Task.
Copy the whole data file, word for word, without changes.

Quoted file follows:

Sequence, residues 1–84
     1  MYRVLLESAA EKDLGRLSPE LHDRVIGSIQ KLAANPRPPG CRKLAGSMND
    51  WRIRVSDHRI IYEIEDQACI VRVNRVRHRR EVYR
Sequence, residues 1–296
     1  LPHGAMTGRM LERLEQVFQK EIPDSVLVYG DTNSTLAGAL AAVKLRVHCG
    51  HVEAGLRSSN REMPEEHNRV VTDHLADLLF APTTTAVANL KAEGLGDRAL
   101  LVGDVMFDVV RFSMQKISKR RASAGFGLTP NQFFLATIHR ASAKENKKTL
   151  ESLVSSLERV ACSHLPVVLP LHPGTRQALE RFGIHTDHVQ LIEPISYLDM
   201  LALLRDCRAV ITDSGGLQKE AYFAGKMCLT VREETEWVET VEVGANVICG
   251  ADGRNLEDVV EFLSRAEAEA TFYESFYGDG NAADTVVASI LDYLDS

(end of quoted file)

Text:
Sequence, residues 1–84
     1  MYRVLLESAA EKDLGRLSPE LHDRVIGSIQ KLAANPRPPG CRKLAGSMND
    51  WRIRVSDHRI IYEIEDQACI VRVNRVRHRR EVYR
Sequence, residues 1–296
     1  LPHGAMTGRM LERLEQVFQK EIPDSVLVYG DTNSTLAGAL AAVKLRVHCG
    51  HVEAGLRSSN REMPEEHNRV VTDHLADLLF APTTTAVANL KAEGLGDRAL
   101  LVGDVMFDVV RFSMQKISKR RASAGFGLTP NQFFLATIHR ASAKENKKTL
   151  ESLVSSLERV ACSHLPVVLP LHPGTRQALE RFGIHTDHVQ LIEPISYLDM
   201  LALLRDCRAV ITDSGGLQKE AYFAGKMCLT VREETEWVET VEVGANVICG
   251  ADGRNLEDVV EFLSRAEAEA TFYESFYGDG NAADTVVASI LDYLDS